There is little in the major themes of Hanukkah that would characterize it as a distinctively female holiday. Women do not figure prominently in either the military victories or in the miracle of the jar of oil. And yet Jewish tradition has emphasized that women have a special connection to the celebration, and in some communities they are accustomed to refraining from work while the candles are lit.
The basis for this tradition is in a saying in the Talmud by Rabbi Joshua ben Levi that "Women are obligated to light Hanukkah candles because they were included in the miracle." The commentators disagree over how precisely to understand this passage. Does it mean that women were merely counted as one segment of the whole Jewish people, all of whom were redeemed from Greek oppression? Or did they have some special role in the deliverance. The former possibility (which appears to be the view of the Jerusalem Talmud) finds support in the fact that a similar observation is made regarding Passover, in which story women did not have a conspicuous role. The latter possibility is suggested by the juxtaposition to Purim, where Queen Esther was a key player.
Most traditional commentators have preferred to explain that women did indeed play a central role in the Maccabean victories. However there is no consensus about what episode is being alluded to. A likely possibility would have been the heroic martyrdom of the mother and her seven sons, which was known to the author of the Book of Maccabees as well as to the Talmud. Yet few authors make reference to that episode, probably because it did not advance the miracle of the Jewish victory in any obvious way.
Rashi alludes cryptically to a different tradition, writing that "the Greeks had decreed that all brides would first be violated by the Greek officers, and the miracle was accomplished with the help of a woman."
The story to which Rashi is alluding is not attested in any of the standard talmudic or midrashic works. However medieval manuscripts have preserved a number of similar tales which claim to reconstruct the origins of the Maccabean revolt. These accounts concur with Rashi that the Greek generals had claimed the "right of the first night" with Jewish brides (a motif which appears in other talmudic stories, without connection to Hanukkah), and add that one of the Hasmonean women--her precise name and family relationship vary in the different traditions--stirred her hitherto passive family into action by publicly stripping herself naked on her wedding day, shocking the people into avenging the sacrilege and humiliation of the daughters of Israel, even as Simeon and Levi had requited Dinah's honour.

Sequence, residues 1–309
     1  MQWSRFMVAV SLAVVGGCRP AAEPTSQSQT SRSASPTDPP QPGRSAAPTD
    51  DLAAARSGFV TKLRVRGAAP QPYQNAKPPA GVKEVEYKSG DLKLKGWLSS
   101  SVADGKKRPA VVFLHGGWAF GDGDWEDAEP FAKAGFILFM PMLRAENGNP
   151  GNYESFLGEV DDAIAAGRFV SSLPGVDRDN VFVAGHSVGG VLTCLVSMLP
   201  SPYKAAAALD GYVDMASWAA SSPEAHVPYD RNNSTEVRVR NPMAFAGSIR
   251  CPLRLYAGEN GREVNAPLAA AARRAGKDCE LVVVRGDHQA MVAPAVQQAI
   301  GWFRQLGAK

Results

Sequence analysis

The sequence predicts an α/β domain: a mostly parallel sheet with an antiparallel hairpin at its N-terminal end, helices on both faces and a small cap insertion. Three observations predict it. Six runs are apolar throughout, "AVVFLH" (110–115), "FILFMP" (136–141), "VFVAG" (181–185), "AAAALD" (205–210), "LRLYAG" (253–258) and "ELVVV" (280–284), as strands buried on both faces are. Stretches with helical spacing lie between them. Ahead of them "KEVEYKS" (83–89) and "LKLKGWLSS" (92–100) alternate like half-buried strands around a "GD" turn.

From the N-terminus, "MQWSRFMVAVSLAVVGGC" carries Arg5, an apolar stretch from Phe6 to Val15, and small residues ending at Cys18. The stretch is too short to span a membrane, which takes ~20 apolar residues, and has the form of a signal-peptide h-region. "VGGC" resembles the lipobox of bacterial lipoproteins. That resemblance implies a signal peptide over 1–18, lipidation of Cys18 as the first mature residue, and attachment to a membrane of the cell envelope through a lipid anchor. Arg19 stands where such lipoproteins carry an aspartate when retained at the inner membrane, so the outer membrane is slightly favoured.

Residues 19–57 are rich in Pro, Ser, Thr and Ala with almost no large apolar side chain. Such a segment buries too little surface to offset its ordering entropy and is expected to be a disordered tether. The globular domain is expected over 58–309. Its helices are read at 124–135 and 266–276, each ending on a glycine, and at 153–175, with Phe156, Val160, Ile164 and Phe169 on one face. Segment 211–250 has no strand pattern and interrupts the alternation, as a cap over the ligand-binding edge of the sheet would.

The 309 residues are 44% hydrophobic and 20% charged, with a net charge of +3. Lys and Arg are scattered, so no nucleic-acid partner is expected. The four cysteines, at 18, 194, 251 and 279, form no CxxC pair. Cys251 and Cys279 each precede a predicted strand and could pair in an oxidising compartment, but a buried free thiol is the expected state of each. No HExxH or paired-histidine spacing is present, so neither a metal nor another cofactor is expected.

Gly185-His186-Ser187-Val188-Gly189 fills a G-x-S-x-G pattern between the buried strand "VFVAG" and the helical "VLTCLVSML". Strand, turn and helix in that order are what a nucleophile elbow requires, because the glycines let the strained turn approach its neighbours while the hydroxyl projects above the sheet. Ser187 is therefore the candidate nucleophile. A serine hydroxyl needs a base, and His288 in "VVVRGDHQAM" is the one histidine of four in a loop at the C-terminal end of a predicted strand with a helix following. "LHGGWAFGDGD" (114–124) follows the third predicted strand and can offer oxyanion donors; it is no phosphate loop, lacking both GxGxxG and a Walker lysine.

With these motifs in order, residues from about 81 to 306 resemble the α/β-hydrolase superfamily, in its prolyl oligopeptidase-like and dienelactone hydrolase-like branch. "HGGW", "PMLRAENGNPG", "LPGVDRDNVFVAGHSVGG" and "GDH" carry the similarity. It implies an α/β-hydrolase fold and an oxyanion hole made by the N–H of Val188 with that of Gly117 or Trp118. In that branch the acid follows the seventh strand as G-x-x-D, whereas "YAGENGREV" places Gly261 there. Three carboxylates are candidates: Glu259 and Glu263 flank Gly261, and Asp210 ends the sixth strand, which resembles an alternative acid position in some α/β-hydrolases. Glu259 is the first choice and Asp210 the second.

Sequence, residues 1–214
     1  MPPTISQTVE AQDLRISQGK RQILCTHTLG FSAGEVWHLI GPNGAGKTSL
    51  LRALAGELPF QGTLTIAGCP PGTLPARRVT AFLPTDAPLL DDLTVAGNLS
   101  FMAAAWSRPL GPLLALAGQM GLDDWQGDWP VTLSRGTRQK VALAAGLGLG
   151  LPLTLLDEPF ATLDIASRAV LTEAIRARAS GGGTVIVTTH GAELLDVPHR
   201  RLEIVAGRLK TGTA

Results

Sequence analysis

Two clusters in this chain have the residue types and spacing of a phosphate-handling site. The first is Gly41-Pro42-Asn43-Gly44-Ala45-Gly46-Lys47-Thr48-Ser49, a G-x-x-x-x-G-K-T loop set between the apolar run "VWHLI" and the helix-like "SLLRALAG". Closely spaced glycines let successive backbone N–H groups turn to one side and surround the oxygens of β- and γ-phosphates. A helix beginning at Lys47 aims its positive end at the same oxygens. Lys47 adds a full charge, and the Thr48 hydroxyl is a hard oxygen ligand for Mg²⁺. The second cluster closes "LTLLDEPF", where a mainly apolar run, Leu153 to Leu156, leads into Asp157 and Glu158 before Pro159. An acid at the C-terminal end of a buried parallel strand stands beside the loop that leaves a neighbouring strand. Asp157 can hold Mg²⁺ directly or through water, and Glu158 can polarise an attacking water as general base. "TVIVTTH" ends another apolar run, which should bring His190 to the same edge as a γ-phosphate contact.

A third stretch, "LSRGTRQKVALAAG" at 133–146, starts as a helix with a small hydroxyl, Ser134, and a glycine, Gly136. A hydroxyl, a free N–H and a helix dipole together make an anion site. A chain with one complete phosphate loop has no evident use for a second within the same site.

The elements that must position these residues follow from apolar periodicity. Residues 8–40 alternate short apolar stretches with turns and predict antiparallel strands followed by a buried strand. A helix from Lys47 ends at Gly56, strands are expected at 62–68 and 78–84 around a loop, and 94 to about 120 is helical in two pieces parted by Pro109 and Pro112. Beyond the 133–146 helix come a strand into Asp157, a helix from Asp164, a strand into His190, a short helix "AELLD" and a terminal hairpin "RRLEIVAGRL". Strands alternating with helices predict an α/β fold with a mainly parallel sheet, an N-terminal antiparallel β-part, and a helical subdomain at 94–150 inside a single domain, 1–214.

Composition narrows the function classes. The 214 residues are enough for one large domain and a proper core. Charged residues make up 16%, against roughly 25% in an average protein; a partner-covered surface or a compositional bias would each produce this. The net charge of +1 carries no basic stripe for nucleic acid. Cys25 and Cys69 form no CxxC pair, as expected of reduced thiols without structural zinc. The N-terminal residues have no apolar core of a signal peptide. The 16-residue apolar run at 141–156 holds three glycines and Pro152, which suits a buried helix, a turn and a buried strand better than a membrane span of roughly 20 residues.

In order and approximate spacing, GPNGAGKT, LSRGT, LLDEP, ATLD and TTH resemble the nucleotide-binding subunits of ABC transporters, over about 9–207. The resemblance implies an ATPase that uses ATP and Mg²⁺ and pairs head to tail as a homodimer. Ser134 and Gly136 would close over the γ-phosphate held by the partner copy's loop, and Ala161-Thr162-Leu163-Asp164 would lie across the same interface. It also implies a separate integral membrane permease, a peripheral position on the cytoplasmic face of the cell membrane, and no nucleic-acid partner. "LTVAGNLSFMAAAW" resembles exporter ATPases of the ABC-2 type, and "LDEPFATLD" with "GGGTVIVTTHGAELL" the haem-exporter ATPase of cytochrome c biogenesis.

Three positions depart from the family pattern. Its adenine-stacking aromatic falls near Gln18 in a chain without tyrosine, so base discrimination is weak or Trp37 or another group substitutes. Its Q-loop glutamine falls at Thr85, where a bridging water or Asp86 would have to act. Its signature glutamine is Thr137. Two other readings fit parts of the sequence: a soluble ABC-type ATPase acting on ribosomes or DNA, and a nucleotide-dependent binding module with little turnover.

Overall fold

Several medieval commentators supplement Rashi's words with additional details. R. Nissim of Gerona, citing a "midrash," states that the daughter of Johanan the Hasmonean fed cheese to an enemy general in order to make him drowsy, whereupon she proceeded to cut off his head, thereby allowing her companions to flee to safety. He notes that this was the origin of the custom of eating cheese on Hanukkah. Rashi's grandson Rabbi Samuel ben Meir (Rashbam) identifies the heroine of the story as Judith.
It is clear that these commentators were identifying Rashi's story with the ancient tale of Judith. According to the exciting story which has been preserved in the Greek Apocrypha, the lovely and virtuous widow Judith lived during the time of Nebuchadnezzar, and succeeded in saving Jerusalem from an invasion by the Assyrian general Holofernes by pretending to seduce him, getting him drunk, and then decapitating him. The historical context is of course inappropriate to Hanukkah, and the detail about the cheese (which appears to have been copied from the similar exploit of Jael and Sisera in the Book of Judges) is absent from most versions of the Judith story. Although there is an interesting analogy when Judith invokes the precedent of Simeon and Levi's reprisal against Shechem, it is clear that we are dealing with a different event.
This fact did not impede the Jewish storytellers from grafting together the stories about the Hasmonean bride and the heroic widow, and including the resulting tale among the episodes of the Maccabean revolt. A fortunate consequence of this was a rekindling of Jewish interest in the Book of Judith, a charming and inspiring gem of our literature which might otherwise have been consigned to neglect.
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First Publication: Jewish Free Press, Dec. 9 1993.